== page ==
Anti-CAA: Unprecedented protest during Prez speech

Anti-CAA: Unprecedented protest during President speech in Parliament

Kovind said India always believed in the principle of equal respect for all faiths but this "very belief" came under the "most severe attack" at the time of Partition.

Unprecedented protests were witnessed in Parliament Central Hall during President Ram Nath Kovind's address in Parliament Central Hall on Friday, as he invoked Mahatma Gandhi to defend the Citizenship Amendment Act (CAA) that invited "shame, shame" chant from Opposition to NDA MPs' huge applause and display of banners against the legislation.

Addressing a customary joint sitting of the Parliament at the start of Budget Session, Kovind said the Mahatma's wishes have been fulfilled now even as Opposition leaders said the government has lowered the prestige of the President's Office by referring to the CAA as an achievement, making it clear the controversial legislation will remain a bone of contention between both the sides.

The event saw Opposition MPs from Congress, DMK, CPI(M), CPI, RSP and RJD among others sitting in the Central Hall wearing black arm bands in protest while Trinamool Congress MPs displayed 'No CAA', 'No NPR' and 'No NRC' banners with three among them wearing shirts with these slogans.

Clear indications of scaling up the protest against CAA were evident even before the President arrived, as UPA Chairperson Sonia Gandhi and Rajya Sabha Leader of Opposition Ghulam Nabi Azad refused to sit in their assigned front row seats to join other Opposition MPs in the fifth row. Also, just before President started his speech, Samajwadi Party MP Shafiqur Rahman Barq stood up in protest speaking, which was inaudible.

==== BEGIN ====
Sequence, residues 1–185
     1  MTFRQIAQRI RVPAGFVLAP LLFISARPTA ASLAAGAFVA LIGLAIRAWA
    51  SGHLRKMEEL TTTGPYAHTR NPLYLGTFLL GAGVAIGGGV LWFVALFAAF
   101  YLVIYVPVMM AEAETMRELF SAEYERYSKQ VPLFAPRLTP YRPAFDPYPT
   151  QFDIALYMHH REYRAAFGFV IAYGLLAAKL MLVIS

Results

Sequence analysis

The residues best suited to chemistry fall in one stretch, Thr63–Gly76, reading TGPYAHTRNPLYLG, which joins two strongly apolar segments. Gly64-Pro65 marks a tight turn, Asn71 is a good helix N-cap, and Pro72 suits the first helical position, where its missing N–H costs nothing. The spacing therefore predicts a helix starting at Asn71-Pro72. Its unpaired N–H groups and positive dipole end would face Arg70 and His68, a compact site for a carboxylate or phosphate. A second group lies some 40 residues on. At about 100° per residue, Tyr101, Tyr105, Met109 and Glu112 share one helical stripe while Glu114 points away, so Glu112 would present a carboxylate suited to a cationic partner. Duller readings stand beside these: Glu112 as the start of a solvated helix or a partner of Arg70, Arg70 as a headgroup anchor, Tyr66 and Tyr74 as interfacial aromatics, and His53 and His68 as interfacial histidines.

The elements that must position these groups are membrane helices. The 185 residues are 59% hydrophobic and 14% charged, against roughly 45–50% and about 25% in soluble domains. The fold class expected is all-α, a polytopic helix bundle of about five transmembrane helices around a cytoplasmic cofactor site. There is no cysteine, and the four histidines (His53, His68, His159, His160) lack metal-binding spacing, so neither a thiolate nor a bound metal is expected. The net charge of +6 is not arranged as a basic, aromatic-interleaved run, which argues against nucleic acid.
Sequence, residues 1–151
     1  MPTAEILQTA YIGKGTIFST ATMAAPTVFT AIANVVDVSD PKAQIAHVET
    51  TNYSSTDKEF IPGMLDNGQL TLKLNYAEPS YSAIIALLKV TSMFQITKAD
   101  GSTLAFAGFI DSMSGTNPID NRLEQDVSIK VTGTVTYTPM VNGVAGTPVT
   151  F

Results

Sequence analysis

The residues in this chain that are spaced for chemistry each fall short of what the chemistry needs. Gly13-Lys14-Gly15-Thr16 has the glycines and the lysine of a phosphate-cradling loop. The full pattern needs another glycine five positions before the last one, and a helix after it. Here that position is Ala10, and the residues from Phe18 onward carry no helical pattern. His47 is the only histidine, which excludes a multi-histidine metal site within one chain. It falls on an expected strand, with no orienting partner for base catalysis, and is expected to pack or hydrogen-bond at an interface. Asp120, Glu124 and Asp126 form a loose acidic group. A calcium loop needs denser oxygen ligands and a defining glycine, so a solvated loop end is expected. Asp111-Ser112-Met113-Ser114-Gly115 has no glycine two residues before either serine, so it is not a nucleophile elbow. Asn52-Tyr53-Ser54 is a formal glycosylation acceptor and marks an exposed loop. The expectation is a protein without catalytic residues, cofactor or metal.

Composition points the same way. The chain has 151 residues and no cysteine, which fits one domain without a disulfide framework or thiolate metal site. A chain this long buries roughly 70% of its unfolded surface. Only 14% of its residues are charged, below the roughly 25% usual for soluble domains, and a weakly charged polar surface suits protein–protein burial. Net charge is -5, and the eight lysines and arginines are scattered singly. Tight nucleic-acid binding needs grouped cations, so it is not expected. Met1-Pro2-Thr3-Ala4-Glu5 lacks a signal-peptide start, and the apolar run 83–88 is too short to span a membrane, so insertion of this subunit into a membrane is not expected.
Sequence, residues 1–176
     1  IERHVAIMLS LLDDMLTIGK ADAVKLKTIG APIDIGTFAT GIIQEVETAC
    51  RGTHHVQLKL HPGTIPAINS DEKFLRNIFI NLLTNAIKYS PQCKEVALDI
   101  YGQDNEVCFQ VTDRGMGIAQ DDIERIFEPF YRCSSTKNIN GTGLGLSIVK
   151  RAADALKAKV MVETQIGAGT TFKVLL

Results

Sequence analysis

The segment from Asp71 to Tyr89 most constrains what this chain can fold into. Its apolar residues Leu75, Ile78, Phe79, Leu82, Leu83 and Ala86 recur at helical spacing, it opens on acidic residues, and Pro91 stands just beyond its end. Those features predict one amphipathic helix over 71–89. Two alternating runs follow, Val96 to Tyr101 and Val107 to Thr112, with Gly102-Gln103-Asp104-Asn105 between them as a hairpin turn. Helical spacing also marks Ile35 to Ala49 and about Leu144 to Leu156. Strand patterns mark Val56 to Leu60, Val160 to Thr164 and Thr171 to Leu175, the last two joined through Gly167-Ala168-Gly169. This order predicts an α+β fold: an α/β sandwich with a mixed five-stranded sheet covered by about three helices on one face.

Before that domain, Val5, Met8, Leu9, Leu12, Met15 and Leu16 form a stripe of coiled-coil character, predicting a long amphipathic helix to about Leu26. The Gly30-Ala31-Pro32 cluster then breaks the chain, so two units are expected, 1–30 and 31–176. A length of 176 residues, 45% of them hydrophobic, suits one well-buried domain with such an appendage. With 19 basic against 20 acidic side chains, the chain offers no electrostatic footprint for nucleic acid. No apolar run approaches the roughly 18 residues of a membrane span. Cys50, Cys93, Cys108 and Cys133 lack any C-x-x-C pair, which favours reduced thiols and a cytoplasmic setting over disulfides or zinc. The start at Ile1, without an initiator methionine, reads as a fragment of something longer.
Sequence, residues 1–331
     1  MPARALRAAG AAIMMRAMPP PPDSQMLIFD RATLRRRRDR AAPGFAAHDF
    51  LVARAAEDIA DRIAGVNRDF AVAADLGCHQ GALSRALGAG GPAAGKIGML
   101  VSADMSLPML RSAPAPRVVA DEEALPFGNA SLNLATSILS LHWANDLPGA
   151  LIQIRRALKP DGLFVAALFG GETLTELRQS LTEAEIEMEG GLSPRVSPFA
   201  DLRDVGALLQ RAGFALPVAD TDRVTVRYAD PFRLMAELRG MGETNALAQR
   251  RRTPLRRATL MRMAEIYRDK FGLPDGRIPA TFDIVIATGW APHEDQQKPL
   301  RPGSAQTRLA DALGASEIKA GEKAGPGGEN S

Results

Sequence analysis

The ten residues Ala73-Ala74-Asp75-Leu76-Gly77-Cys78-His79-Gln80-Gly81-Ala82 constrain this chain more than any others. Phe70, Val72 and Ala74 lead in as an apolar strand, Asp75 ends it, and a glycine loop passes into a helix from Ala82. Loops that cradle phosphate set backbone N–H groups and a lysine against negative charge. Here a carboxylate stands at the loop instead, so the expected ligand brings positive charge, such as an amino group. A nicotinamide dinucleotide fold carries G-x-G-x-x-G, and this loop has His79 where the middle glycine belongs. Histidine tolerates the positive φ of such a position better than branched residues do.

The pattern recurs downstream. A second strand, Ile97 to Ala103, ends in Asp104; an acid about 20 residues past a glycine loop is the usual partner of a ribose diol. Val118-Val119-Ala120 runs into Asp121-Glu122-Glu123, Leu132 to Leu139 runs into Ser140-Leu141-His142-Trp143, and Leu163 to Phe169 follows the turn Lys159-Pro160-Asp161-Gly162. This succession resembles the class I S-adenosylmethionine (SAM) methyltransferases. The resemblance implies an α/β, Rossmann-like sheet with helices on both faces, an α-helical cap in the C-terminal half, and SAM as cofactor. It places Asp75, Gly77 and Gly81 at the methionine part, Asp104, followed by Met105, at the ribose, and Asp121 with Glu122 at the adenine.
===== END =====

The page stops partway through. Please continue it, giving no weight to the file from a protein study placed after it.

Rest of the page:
Kovind said India always believed in the principle of equal respect for all faiths but this "very belief" came under the "most severe attack" at the time of Partition.

"In the environment prevailing in the aftermath of partition, the Father of the Nation...had said 'Hindus and Sikhs of Pakistan, who do not wish to live there, can come to India. It is the duty of the government to ensure a normal life for them'. Many national leaders and political parties have from time to time supported this idea of 'Pujya (respected) Bapu' and further propagated it," he said.

"It is our responsibility to honour this wish of the founding fathers of our nation. I am happy that both the Houses of Parliament have fulfilled this wish, by enacting the CAA. At a time when the country is celebrating the 150th birth anniversary of Gandhiji, all of you have given paramount consideration to this sentiment. I congratulate both the Houses of Parliament and all the MPs for this," he said.

As soon as he mentioned the Mahatma, the ruling MPs started thumping the desk, which continued for over a minute, following which MPs from the Opposition chanted "shame, shame". Amid this, the President completed his mention about CAA in which he referred to the increase in the atrocities on minorities in Pakistan over time.

"We have all seen what happened in Nankana Sahib recently. It is the responsibility of all of us to bring the atrocities being committed in Pakistan to the notice of the global community. While condemning the atrocities on the minorities in Pakistan, I urge the world community to take cognizance of it and take necessary steps in this regard," he added.

While his speech entered the 45th minute, around 20-25 Trinamool Congress MPs stood up in their seats silently and displayed banners against CAA, NRC and NPR. In between, Assam Congress MP Abdul Khaleque too was seen on his feet in protest.

Responding to the address, Azad said the government has lowered the prestige of president's office by including the CAA in his address. It was shameful that the government claimed CAA to be an achievement and included it in president's address, he said even as Opposition leaders made it clear that they would be moving amendments to the address.